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Archive for Thursday, February 28, 2008

Haskell launches research center

February 28, 2008

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Inaugural summit set for April 10-11

Haskell Indian Nations University's new RED Center will present its first research summit April 10-11. The theme is "Urban Indian Experience." The summit will focus on indigenous research in the areas of business, education, environmental studies, American Indian studies and health. The cost ranges from $100 for the public to $25 for Haskell students.

Judith Gipp, RED Center director, said the presenters would be posted on Haskell's Web site by mid-March.

To register for the event or for more information, click on www.haskell.edu/haskell.

Haskell Indian Nations University has a research center - the first one its 124-year history.

The Research Evaluation and Dissemination (RED) Center officially launched this week. The center - the brainchild of new President Linda Warner - serves as a clearinghouse for research and professional development.

Warner appointed Judith Gipp, a Haskell faculty member and volleyball coach, as director last summer. Gipp has a bachelor's degree from Kansas University and a master's degree from the University of New Mexico, where she is working on her dissertation.

"It's going to provide, not only our students, but Indian Country in general with an avenue to have their research disseminated across Indian country, using Haskell as the mechanism to get that information out," Gipp said.

The center will present Haskell's first research summit April 10-11. "Urban Indian Experience" will be open to the public and will focus on indigenous research.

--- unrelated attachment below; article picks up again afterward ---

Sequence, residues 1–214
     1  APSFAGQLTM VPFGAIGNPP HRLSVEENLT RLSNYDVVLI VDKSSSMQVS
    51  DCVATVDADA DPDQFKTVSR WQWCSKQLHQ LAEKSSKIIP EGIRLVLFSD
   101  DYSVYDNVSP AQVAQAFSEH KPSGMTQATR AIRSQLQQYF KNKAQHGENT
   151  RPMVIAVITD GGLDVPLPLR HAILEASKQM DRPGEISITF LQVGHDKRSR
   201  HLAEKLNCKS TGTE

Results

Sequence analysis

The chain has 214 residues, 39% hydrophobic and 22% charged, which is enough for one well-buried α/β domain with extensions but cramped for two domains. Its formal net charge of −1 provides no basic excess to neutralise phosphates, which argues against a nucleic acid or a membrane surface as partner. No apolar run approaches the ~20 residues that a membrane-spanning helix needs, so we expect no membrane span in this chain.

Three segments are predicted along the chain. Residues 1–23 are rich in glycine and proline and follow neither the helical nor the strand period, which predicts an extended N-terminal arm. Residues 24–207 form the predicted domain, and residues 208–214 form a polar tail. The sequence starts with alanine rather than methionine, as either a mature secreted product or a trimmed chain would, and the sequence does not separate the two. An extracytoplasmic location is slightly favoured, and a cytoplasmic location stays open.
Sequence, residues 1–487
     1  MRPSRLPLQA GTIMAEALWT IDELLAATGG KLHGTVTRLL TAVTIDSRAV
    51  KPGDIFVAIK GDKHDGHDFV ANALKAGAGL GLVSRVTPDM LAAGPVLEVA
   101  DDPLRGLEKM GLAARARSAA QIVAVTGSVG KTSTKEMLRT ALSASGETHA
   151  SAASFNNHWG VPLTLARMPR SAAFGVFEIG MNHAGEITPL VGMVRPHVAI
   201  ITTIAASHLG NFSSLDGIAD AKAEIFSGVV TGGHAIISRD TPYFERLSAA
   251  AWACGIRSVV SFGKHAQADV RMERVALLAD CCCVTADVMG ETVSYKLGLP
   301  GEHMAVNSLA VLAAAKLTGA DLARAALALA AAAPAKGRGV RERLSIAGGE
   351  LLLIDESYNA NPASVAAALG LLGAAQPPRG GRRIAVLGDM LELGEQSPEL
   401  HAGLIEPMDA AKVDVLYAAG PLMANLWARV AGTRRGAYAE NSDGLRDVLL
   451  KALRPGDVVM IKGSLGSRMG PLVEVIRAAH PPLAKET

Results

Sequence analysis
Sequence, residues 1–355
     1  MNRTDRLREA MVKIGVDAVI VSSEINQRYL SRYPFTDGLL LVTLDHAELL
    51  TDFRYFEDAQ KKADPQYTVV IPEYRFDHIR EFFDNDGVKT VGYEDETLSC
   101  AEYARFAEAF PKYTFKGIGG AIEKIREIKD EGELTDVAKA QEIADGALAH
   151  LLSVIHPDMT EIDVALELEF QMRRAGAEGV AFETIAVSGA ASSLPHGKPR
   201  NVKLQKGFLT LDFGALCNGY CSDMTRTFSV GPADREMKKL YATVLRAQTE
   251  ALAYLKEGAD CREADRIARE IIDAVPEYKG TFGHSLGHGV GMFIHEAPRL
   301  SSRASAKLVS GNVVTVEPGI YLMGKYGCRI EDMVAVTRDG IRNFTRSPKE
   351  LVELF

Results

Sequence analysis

In addition to centering on research, the RED Center oversees these new scholar programs named after former Haskell presidents:

l Gerald E. Gipp Scholar Exchange Program. It provides faculty with the opportunity to pursue postbaccalaureate degrees through reduced teaching loads and sabbatical leave. Julia Good Fox, professor of American Indian studies, was named the first scholar. She plans to complete her dissertation at KU in American studies.

l Robert G. Martin International Education Program, which has three prongs - curricular exchange with tribal colleges, outreach projects and study abroad initiatives. Haskell's first study abroad trip is set for May 15 when 10 students will visit Zacatecas, Mexico, for nearly three weeks and study environmental science.

l Karen Gayton Swisher Instructional Mentorship Program. The goal is to train experienced teachers at Haskell to become mentors for new K-12 teachers.

"We would provide them with the skills and strategies to become an effective mentor to first-year teachers," Gipp said. "Right now, the attrition rates are pretty great with first-year teachers leaving BIE (Bureau of Indian Education) schools after a year or two."

Haskell plans to begin the four- to eight-week mentor program this summer with about 10 participants.

The three programs will be funded primarily through grants.

Warner said the programs were established to extend the reach of Haskell's baccalaureate programs - elementary teacher education, American Indian studies, business administration and environmental science - into Indian country.

Gipp believes Warner's programs will achieve just that.

"She is creating a number of opportunities that are only going to serve to enhance not only our students, staff and faculty but our Haskell community and Indian Country in general."

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